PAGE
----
The documentary boom of the last few years has given us dozens of fantastic films, but not many that can offer unfettered access to their subjects. Even some of today’s best documentary filmmakers, like the prolific Alex Gibney, take an aggregation approach to their films; they’re okay with telling you a story you might have heard before, as long as it’s done in a new way. Political documentaries, particularly, often suffer from the “to learn more, visit this website” closing credits problem—the persistent sense that the filmmaker cares more about their (usually well-intentioned and noble) cause than making a compelling movie in the first place. Documentaries are everywhere now, and many are great. But they rarely show you something you would have thought impossible to catch on film. (Unless of course you’re The Jinx, and you happen to find a serial killer who inexplicably wants to confess to you.)
One of the many miracles of Weiner, the new documentary about Anthony Weiner’s nightmarishly ill-fated run for New York City mayor in 2013, is that it is packed with holy-shit moments. Initially conceived by Elyse Steinberg and Josh Kriegman as a fly-on-the-wall treatment of what many thought would be a rousing comeback story, the film becomes something much rarer and far more staggering as the campaign collapses: a movie that offers real access to public figures at their most private and vulnerable. It never stops making you gasp.
Weiner is the story of two people who understand public scrutiny as well as anyone on the planet, and nevertheless watch as their lives find new and horrifying ways to explode every day. Weiner, the former Congressman who resigned after sending lewd photos of himself to random people on Twitter, saw a mayoral campaign with no obvious frontrunner as an opportunity to restore himself to his former stature. The movie kicks off with Weiner saying that one of the reasons he wanted to run was for his wife, Huma Abedin, a fellow political animal who felt, as he did, that another race would be the only way their lives could return to normal. It is difficult to overstate how wrong this assessment would turn out to be. By the end, Weiner is being chased through the streets by porn stars with cameras and screamed at on national television, while his poll numbers plummet and Clinton aides essentially beg him to drop out.
Steinberg and Kriegman are there for every second of the catastrophic campaign, and while their style is a little on the nose at times—as dramatists, they tend to underline their big moments even when it’s unnecessary—you won’t mind. What they manage to capture on film really will blow you away: betrayed staffers screaming at Weiner, appalled that he could be so stupid and reckless with his and their careers; Weiner studiously practicing his “emotional” apologies into the camera minutes before his big press conference. After the scandal breaks, Weiner asks everyone but Abedin and Kriegman—the documentary filmmaker!— to leave the room; then he explains to Abedin that he sent the pictures “when we were talking about separating.”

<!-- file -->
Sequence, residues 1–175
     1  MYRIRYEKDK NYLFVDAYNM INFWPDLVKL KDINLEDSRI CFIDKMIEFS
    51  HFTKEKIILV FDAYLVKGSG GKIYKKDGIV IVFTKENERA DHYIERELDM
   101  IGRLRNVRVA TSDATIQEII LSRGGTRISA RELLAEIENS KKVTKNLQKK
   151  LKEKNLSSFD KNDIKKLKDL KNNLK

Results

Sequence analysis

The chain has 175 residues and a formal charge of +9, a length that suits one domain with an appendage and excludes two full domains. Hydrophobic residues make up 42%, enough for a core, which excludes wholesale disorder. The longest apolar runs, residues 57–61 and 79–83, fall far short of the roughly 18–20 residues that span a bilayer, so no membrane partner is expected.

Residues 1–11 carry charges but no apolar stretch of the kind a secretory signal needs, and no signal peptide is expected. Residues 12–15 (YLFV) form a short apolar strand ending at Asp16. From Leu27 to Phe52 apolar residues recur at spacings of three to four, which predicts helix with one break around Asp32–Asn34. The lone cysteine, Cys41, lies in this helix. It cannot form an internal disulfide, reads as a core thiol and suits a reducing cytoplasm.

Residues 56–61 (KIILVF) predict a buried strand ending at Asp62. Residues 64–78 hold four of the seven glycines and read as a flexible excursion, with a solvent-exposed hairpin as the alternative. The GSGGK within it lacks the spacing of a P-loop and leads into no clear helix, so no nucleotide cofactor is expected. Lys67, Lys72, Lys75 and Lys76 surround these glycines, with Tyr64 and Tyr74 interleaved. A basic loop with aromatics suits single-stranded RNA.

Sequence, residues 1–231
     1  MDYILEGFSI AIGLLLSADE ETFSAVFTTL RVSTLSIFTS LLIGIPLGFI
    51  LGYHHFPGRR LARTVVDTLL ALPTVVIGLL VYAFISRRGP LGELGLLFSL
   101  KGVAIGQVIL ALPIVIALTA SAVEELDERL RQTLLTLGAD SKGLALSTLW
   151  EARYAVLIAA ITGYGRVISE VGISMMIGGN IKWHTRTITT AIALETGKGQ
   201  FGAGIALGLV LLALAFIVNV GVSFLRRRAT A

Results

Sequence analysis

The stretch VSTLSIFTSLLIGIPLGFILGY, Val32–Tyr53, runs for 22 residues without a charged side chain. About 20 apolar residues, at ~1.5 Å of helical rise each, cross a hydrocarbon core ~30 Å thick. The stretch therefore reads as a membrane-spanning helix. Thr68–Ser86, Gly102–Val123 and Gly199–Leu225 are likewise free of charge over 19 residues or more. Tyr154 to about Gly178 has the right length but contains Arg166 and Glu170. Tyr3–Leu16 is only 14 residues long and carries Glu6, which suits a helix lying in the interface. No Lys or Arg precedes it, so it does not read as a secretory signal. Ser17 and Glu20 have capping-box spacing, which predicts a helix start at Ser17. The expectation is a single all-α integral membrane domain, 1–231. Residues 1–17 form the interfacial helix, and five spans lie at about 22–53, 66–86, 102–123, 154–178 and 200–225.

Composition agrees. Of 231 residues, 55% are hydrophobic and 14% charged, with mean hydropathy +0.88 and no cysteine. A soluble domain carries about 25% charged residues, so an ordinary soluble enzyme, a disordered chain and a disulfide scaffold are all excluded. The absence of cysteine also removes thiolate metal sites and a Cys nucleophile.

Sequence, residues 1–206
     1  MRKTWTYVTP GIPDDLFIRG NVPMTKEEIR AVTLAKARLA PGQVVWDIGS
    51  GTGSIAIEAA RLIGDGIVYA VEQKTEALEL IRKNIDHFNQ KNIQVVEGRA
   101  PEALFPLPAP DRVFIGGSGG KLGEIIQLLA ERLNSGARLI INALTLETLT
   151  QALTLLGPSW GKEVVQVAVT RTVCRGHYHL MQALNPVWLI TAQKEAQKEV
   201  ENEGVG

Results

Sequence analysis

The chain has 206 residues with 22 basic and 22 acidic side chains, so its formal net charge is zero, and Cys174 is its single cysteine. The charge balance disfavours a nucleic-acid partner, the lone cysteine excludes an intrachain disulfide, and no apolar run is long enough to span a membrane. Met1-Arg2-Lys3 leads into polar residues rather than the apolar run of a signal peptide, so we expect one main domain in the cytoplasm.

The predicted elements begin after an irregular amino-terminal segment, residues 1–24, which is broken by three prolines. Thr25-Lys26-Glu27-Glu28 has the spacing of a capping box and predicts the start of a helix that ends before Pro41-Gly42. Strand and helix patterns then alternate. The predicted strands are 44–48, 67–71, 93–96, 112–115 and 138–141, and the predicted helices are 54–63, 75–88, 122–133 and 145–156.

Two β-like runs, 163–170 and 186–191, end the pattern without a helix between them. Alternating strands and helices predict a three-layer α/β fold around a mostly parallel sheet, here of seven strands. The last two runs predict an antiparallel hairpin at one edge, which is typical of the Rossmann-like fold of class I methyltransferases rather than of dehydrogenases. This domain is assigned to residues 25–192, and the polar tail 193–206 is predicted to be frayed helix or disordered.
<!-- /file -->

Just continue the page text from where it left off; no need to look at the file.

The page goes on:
But mostly the film is about Huma. Never has the portrait of a spouse spurned—as much as a spouse can be spurned when it appears there was never any actual adultery, at least in a physical sense, involved—burned so cold. Abedin, who is not only trying to raise the couple’s son but also retain her position in Hillary Clinton’s inner circle, faces almost unfathomable indignities throughout the campaign, and the camera is there for all of them. The moment I found the most affecting was when she watches Weiner, after a particularly disastrous appearance on MSNBC, revel in what he believes to have been a triumphant performance; in her eyes, you can see thousands of years of women who realize, too late, just what a dipshit they married. That she retains her composure as her world evaporates all around her feels almost heroic.
The movie wisely doesn’t attempt to explain why Weiner would set his once-promising career on fire like this; honestly, what explanation could possibly satisfy? But the film, which never loses sight of Weiner’s humanity, takes us to a place we never thought any politician would let us see. There’s a moment, in the final hours of this wretched campaign, when Weiner looks at his wife, and she looks at him, and they share an unspoken understanding: This is more than two people should have to bear, and it is all Anthony’s fault. Weiner’s response here doesn’t redeem him—but it shows, at last, the fever breaking, and a glimpse of a life after. You can watch years of political documentaries and never see a moment this intimate. Weiner has about ten more just like it.
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Grierson & Leitch write about the movies regularly for the New Republic and host a podcast on film, Grierson & Leitch. Follow them on Twitter @griersonleitch or visit their site griersonleitch.com.